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And being so- -the absent are the dead,
Who haunt us from tranquillity, and spread
A dreary shroud around us, and invest
With sad remembrances our hours of rest.
The absent are the dead-for they are cold,
And ne'er can be what once we did behold;
And they are changed, and cheerless,—or if yet
The unforgotten do not all forget,
Since thus divided-equal must it be
If the deep barrier be of earth, or sea;
It may be both-but one day end it must
In the dark union of insensate dust.
The under-earth inhabitants-are they
But mingled millions decomposed to clay ?
The ashes of a thousand ages spread
Wherever man has trodden or shall tread ?
Or do they in their silent cities dwell
Each in his incommunicative cell?
Or have they their own language? and a sense
Of breathless being ?-darken'd and intense
As midnight in her solitude ?-Oh Earth!
Where are the past ?—and wherefore had they birth?
The dead are thy inheritors-and we
But bubbles on thy surface; and the key
Of thy profundity is in the grave,
The ebon portal of thy peopled cave,
Where I would walk in spirit, and behold
Our elements resolved to things untold,
And fathom hidden wonders, and explore
The essence of great bosoms now no more.
Diodati, July, 1816.
BRIGHT be the place of thy soul !
No lovelier spirit than thine
E'er burst from its mortal control,
In the orbs of the blessed to shine.
On earth thou wert all but divine,
As thy soul shall immortally be;
And our sorrow may cease to repine
When we know that thy God is with thee.
Light be the turf of thy tomb!
May its verdure like emeralds be!
There should not be the shadow of gloom
In aught that reminds us of thee.
Young flowers and an evergreen tree
May spring from the spot of thy rest :
But nor cypress nor yew let us see;
For why should we mourn for the blest?
THEY say that Hope is happiness;
But genuine Love must prize the past, And Memory wakes the thoughts that bless : They rose the first-they set the last;
And all that Memory loves the most
Was once our only Hope to be,
And all that Hope adored and lost
Hath melted into Memory.
Alas! it is delusion all:
The future cheats us from afar, Nor can we be what we recall,
Nor dare we think on what we are.
SO, WE'LL GO NO MORE A ROVING
So, we'll go no more a roving
So late into the night,
Though the heart be still as loving,
And the moon be still as bright.
For the sword outwears its sheath,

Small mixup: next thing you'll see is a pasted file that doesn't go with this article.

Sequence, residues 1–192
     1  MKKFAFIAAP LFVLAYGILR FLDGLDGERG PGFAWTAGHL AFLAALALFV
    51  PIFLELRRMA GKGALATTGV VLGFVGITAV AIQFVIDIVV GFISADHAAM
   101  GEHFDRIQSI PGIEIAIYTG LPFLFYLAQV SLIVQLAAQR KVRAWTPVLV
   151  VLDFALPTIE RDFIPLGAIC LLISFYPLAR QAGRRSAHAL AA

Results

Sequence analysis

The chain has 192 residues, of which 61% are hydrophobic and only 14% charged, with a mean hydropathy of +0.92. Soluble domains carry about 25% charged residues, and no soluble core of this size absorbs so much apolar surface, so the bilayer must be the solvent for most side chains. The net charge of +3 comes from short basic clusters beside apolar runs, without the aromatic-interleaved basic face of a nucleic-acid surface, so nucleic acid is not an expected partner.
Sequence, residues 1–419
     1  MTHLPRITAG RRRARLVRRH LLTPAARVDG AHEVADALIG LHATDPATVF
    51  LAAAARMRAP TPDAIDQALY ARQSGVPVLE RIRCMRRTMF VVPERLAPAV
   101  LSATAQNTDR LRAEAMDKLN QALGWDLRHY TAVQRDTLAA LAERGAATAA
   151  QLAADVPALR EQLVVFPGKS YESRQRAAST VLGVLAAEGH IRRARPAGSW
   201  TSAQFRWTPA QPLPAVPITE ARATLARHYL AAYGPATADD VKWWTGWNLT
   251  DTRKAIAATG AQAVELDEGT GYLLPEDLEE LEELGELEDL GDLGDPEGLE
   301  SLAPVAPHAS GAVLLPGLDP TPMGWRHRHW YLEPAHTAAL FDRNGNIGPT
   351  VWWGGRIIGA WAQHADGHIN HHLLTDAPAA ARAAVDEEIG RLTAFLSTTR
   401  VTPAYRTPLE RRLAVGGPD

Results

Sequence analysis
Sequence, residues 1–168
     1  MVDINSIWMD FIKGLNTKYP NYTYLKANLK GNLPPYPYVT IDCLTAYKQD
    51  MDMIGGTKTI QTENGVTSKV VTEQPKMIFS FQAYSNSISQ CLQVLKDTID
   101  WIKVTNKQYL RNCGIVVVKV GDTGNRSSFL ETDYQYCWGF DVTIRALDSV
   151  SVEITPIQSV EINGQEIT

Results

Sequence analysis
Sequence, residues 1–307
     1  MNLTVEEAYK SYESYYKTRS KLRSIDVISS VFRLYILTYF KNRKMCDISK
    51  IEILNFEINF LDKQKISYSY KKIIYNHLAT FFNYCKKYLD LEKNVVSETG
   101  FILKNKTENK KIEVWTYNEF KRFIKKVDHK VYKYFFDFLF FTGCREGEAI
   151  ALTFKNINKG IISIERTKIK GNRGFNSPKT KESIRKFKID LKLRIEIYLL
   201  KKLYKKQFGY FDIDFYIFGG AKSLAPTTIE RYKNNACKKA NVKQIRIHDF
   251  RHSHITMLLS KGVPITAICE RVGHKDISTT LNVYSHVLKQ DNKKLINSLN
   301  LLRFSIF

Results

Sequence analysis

And the soul wears out the breast,
And the heart must pause to breathe,
And love itself have rest.
Though the night was made for loving,
And the day returns too soon,
Yet we'll go no more a roving
By the light of the moon.
TO THOMAS MOORE
WHAT are you doing now,
Oh Thomas Moore ?
What are you doing now,
Oh Thomas Moore ?
Sighing or suing now,
Rhyming or wooing now,
Billing or cooing now,
Which, Thomas Moore ?
But the Carnival's coming,
Oh Thomas Moore !
The Carnival's coming,
Oh Thomas Moore !
Masking and humming,
Fifing and drumming,
Guitarring and strumming,
Oh Thomas Moore !
My boat is on the shore,
And my bark is on the sea;
But, before I go, Tom Moore,
Here's a double health to thee!
Here's a sigh to those who love me,
And a smile to those who hate;
And, whatever sky's above me,
Here's a heart for every fate.
Though the ocean roar around me,
Yet it still shall bear me on;
Though a desert should surround me,
It hath springs that may be won.
Were't the last drop in the well,
As I gasp'd upon the brink,
Ere my fainting spirit fell,
'Tis to thee that I would drink.
With that water, as this wine,
The libation I would pour
Should be peace with thine and mine,
And a health to thee, Tom Moore.
EPISTLE FROM MR. MURRAY TO
DEAR Doctor, I have read your play,
Which is a good one in its way,-
Purges the eyes and moves the bowels,
And drenches handkerchiefs like towels
With tears, that, in a flux of grief,
Afford hysterical relief
To shatter'd nerves and quicken'd pulses,
Which your catastrophe convulses.
I like your moral and machinery;
Your plot, too, has such scope for scenery;
Your dialogue is apt and smart:
The play's concoction full of art;
Your hero raves, your heroine cries,
All stab, and everybody dies.
In short, your tragedy would be
The very thing to hear and see:
And for a piece of publication,
If I decline on this occasion,
It is not that I am not sensible
To merits in themselves ostensible,
But-and I grieve to speak it-plays
Are drugs-mere drugs, sir-now-a-days.
I had a heavy loss by "Manuel,'
Too lucky if it prove not annual,-
And Sotheby, with his " Orestes,"
(Which, by the by, the author's best is,)
Has lain so very long on hand,
That I despair of all demand.
I've advertised, but see my books,
Or only watch my shopman's looks ;-
Still Ivan, Ina, and such lumber,
My back-shop glut, my shelves encumber.
There's Byron too, who once did better,
Has sent me, folded in a letter,
A sort of-it's no more a drama
Than Darnley, Ivan, or Kehama :
So alter'd since last year his pen is,
I think he's lost his wits at Venice.
In short, sir, what with one and t'other,
I dare not venture on another.
I write in haste; excuse each blunder;
The coaches through the streets so thunder !
My room's so full-we've Gifford here
Reading MS., with Hookham Frere,
Pronouncing on the nouns and particles
Of some of our forthcoming Articles.
The Quarterly-Ah, sir, if you
Had but the genius to review !-
A smart critique upon St. Helena,
Or if you only would but tell in a